The success of a film like Still Alice lies solely on the shoulders of its lead performers. In that sense, it’s a triumph. Alice, played by the continually brilliant Julianne Moore (The Hours, Crazy Stupid Love), is a Columbia professor of linguistics who’s diagnosed with early-onset Alzheimer’s disease at age 50. Her contentment with life prior to the diagnosis makes the story even more tragic.
Monsoon is a visually stunning documentary about the struggle for life during monsoon season in India, a country whose economy hinges entirely on rainfall. Despite the sobering nature of the subject matter, one can’t help but marvel at the endlessly dazzling imagery. It’s the kind of film they might play on the display televisions at Best Buy to show off the lush picture quality, which is indicative of the film’s main problem.
Every week, nearly a thousand pounds of groceries pass through the University of Winnipeg Students’ Association food bank. Run in association with Winnipeg Harvest, the UWSA food bank has been providing food to both students and non-students for more than 15 years.
Inside the windowless cube of the Empress Street Walmart, open 24 hours, time doesn’t seem to move. Blue-smocked, zombie-like employees shuffle past, throwing inquisitive looks at the two bearded fellows who’ve just come in from the cold. Folk musician Micah Erenberg’s in the market for a new rug, so we’re cruising the aisles in search of carpeting.
University of Denver’s professor Alan Gilbert will take part in the University of Winnipeg department of history’s Bonnycastle Lecture Series next week.
DC Sound System is tired of cliches, like Ska is dead, and The Sex Pistols weren’t punk. Alex DeChoiseul believes ska is very much alive and well.
It’s odd to think of a tale about two Olympic gold medal winners and a millionaire as a story of outsiders, but Foxcatcher is exactly that. It follows the true story of Mark Schultz (Channing Tatum) and his older brother Dave (Mark Ruffalo), who both triumphed at the 1984 Olympic games.
I can’t decide if Force Majeure is a perfect date movie, or the worst date movie of all time. On one hand, it’s the type of film that will inevitably spurn a lively discussion afterward. On the other hand, the subject of that discussion could devastate a precarious romantic mood.
If you’ve ever wondered how your favourite book becomes your favourite (or least favourite) movie, you’ll want to add Cinematheque’s From Novel to Screen - The Writer’s Imagination to your calendar. The showcase series runs from Jan. 28 until May 27 and focuses on a selection of films featuring Canadian literary or cinematic connections.
A University of Winnipeg representative says members of the public looking to take advantage of the institution’s hospitality aren’t welcome on campus.
Carey J. Buss first picked up a guitar at age 12 after hearing his dad’s copy of AC/DC’s Back in Black on a primitive cassette tape. But it was a piece of life-changing advice - “If you can’t find the music you really want to listen to, make it yourself” - that inspired him to dust off his guitar and start writing songs of his own in 2013.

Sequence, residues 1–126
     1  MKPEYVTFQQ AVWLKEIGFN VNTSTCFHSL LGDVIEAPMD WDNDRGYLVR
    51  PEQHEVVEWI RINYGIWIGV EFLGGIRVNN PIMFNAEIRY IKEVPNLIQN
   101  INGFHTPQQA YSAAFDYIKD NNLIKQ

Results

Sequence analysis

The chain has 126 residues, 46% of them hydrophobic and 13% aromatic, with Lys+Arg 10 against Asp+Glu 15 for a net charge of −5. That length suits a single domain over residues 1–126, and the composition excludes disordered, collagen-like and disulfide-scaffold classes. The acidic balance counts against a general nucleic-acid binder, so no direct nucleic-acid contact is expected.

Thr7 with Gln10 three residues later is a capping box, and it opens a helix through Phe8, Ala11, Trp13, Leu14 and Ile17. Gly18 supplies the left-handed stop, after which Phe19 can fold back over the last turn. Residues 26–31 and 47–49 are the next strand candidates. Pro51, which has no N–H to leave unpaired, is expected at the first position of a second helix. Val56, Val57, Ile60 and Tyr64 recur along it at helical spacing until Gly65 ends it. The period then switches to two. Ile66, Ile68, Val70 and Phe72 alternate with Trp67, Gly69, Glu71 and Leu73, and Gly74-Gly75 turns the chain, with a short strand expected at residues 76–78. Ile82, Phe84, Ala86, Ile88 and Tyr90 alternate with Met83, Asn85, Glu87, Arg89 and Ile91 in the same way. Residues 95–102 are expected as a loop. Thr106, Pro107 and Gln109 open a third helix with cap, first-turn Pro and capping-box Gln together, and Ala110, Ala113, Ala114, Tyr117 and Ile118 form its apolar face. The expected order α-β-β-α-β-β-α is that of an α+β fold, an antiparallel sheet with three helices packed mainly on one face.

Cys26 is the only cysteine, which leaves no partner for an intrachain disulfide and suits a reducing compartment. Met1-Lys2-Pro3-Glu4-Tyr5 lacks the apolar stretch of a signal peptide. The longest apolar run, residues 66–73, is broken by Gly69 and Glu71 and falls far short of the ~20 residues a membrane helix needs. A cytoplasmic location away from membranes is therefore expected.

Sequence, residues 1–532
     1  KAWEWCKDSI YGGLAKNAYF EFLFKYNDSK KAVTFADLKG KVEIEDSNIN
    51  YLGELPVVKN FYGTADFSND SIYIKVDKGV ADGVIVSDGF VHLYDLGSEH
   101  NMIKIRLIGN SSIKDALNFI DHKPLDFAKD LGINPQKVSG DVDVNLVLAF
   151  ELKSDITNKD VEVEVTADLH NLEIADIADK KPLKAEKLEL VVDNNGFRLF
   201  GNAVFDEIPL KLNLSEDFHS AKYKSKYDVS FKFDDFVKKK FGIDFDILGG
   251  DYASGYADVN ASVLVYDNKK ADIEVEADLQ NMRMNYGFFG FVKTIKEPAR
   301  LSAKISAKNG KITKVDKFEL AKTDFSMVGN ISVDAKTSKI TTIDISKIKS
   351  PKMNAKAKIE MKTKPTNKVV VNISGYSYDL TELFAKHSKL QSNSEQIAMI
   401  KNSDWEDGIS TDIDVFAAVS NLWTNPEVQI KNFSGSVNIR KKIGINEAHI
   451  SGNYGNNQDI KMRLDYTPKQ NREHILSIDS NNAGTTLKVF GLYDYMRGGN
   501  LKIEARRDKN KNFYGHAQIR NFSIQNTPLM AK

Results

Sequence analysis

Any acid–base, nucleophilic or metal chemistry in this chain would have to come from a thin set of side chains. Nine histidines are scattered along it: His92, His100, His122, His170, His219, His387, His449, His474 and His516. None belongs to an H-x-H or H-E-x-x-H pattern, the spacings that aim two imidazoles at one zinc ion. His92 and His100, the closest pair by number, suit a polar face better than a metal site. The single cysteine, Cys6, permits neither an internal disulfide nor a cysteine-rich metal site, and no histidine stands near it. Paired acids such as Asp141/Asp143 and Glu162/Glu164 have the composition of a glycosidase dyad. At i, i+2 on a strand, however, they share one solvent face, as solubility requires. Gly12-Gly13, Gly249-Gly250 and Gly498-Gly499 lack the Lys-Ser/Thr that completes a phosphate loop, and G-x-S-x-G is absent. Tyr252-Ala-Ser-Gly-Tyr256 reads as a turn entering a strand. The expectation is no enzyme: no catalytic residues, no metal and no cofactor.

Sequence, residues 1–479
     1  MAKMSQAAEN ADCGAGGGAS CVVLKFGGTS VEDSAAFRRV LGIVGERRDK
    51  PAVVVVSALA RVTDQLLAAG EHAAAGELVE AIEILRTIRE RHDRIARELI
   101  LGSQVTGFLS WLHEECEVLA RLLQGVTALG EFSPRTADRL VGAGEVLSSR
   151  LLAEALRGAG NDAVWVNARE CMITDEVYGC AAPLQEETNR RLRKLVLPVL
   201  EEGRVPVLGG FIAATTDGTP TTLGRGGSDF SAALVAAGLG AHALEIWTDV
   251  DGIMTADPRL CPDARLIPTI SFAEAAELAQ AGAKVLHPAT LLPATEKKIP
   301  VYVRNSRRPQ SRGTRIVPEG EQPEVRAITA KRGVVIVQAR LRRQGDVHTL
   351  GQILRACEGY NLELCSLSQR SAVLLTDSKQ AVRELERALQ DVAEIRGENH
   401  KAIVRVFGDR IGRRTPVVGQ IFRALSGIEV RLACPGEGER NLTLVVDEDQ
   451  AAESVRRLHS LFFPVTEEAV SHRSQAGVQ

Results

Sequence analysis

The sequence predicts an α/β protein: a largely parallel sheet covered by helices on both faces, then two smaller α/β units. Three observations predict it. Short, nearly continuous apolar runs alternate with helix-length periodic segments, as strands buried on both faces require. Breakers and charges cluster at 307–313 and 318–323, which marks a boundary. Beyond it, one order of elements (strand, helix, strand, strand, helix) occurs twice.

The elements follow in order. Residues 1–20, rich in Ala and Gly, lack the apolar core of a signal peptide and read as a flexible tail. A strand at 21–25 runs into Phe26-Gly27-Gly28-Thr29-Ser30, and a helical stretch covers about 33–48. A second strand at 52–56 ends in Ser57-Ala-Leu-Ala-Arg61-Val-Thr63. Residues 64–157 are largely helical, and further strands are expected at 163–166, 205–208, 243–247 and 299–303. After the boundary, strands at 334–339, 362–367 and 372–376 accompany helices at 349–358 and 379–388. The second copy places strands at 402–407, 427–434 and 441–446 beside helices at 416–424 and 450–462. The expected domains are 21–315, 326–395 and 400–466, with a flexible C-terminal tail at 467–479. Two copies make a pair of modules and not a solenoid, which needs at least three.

So you’re a poet songwriter, dropping Dylan-level science on your tiny but dedicated fan base in trendy coffee shops around town. Yet, you’ve never recorded a note and EarShot’s not in your vocabulary, so the notion of grant writing seems daunting.
Local hip hop artist Alfa’s latest, Harmattan is a solid, bob-your-head slice of funk, totally free of DJ work and samples we’ve come to expect from decades of hip hop.
For Jill Groening, dance began as a hobby, one amidst all the other usual extracurricular sports, at age 11. As the years passed, the sports fell to the wayside and dancing grew from a hobby into a passion. When she learned of the Uniter 30 results, her reaction was one of bashful humility. Groening, a writer for this very publication, is humble, bordering on embarrassed by the honour, admitting she’s not a competitive person.
Comedian Garet Seman has only been performing stand-up for two years, but is already gaining a reputation in the Winnipeg performing arts scene. He speaks humbly of his beginnings in comedy, quipping, “I wasn’t bitten by a radioactive comedian.”
Matt Moskal’s no stranger to this category, as The Supporting Act was ranked second in last years’ Uniter 30 poll. Hardly a small feat for a podcast that had only existed a mere 10 episodes at the time.
Did you know that December, one of the coldest months of 2014, is also the funniest? The Winnipeg comedy scene is consistently among the finest in the country, but as we near 2015, more and more fantastic local shows are popping up. Comedian and writer Jared Story insists the recent change in climate is good for local comedy.
There are many wonderful Winnipeg Christmas traditions, ranging from decorating the tree to accidentally sliding your car into on-coming traffic. What’s seeming to become a new local holiday tradition is A Country Christmas, returning to the St. James Tap and Table for the second year in a row.
The downtown apartment of comic book writer William O’Donnell is a bit unorganized, as he recently moved. Clusters of shelves surrounding his television are stuffed with hundreds of DVDs and Blu-rays, a wonderfully diverse collection with such titles as The Complete Mr. Bean and Salò, or the 120 Days of Sodom. Boxes overflowing with action figures and memorabilia rest at our feet.
Skateboards and snow don’t mix, which becomes an annual problem for local practitioners of the sport, though many think of it as an art form. What happens when your addiction, your passion, your life vanishes for half of the year? When the white stuff falls, the Winnipeg skate scene is forced indoors.